Monday, June 9, 2008
Ask me a yes/no question.
Many of my students have IEP objectives to correctly answer yes/no questions.
One of the many ways I work on this is the yes/no round robin. This is a great "fill in the gap" activity when one lesson ends before it is time to start another. It is also a great activity for this time of year when it is way too hot to actually expect anyone to move! We often discuss that yes.no questions usually start with some version of "can", "do", or "have" as in "could he..., "do they...", "have you" before we begin. Sometimes we compare yes/no to W5/H questions. Yes/no questions is my classrooms favorite fast and easy game after the Super Duper game All About Me, All About You.
We work the yes/no round robin by simply going around the group and having each student answer one yes/no question. Sometimes we keep score, but usually we don't. Asking one question per student from a list makes it very easy to differentiate instruction as the leader can ask each student a question suitable for his or her ability level. A student functioning on a more concrete level might answer a question like, "Is your teacher named Bob?" and another student might be asked, "Is 911 the correct number to call if your brother's feet smell?" while a third might be asked, "Is the automotive section the right part of the store to look for molasses?".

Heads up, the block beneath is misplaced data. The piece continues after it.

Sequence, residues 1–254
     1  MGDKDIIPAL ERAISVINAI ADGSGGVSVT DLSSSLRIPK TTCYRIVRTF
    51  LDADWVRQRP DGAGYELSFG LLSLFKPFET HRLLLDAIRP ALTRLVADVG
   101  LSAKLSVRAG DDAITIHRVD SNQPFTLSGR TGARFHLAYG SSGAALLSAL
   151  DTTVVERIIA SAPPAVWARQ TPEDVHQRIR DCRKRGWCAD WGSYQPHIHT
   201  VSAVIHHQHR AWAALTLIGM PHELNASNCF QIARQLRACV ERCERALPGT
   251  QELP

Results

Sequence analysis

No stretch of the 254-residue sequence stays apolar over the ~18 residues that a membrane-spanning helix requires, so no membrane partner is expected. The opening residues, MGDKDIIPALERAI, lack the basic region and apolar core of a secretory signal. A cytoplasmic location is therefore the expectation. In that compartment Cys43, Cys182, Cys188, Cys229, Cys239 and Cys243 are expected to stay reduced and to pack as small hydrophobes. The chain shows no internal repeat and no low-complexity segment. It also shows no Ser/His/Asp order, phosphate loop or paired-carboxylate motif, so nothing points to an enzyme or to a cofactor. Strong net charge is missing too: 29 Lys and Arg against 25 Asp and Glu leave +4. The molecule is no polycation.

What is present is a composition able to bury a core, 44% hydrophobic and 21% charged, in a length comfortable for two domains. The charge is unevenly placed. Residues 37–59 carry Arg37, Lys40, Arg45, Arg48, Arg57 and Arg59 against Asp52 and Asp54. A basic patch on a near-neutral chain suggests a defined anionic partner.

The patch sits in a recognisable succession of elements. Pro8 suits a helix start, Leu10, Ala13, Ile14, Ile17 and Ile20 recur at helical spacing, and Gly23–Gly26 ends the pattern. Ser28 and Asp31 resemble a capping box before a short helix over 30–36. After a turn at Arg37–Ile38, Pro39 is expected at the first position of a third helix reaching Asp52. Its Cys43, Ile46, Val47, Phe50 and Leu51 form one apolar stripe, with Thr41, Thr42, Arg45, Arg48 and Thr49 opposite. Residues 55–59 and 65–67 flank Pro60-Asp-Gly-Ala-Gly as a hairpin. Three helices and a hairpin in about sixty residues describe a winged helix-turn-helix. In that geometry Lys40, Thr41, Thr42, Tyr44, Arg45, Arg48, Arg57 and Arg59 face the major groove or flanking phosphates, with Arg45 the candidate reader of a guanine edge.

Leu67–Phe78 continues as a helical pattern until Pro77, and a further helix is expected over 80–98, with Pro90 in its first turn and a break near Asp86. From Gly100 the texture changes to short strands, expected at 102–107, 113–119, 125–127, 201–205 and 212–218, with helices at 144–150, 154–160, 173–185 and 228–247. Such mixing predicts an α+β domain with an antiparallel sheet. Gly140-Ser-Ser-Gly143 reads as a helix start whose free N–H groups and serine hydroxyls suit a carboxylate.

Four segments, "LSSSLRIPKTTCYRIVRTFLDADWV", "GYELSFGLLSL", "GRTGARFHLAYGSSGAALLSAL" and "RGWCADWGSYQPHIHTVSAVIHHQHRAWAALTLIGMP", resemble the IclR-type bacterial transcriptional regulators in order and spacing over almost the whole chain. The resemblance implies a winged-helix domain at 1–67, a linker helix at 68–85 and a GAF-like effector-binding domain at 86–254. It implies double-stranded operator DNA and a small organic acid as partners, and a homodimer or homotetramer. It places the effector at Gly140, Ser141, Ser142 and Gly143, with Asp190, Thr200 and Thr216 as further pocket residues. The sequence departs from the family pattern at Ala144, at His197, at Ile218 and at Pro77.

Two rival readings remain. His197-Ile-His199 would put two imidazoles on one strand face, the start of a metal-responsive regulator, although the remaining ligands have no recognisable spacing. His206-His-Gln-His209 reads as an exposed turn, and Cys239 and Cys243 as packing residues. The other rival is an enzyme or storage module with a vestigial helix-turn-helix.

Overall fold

If your grouping is more homogeneous you can write your yes/no questions on cards or Popsicle sticks and have your students draw a question and answer it. Integrating AAC is also simple for this activity. My students answer the yes/no questions using everything from their voices to looking up or down for yes/no, to sign language, to dual sided rocking switches to dynamic display devices.
When more time allows I have also created a board game version of "Ask Me a Yes/No Question!" which I have posted on Yudu for all to download, if you wish, just download and print, line up the edges of the four pages and glue to some poster board, laminate, fine a die and some pawns and play.
Free Resources for Yes/No Questions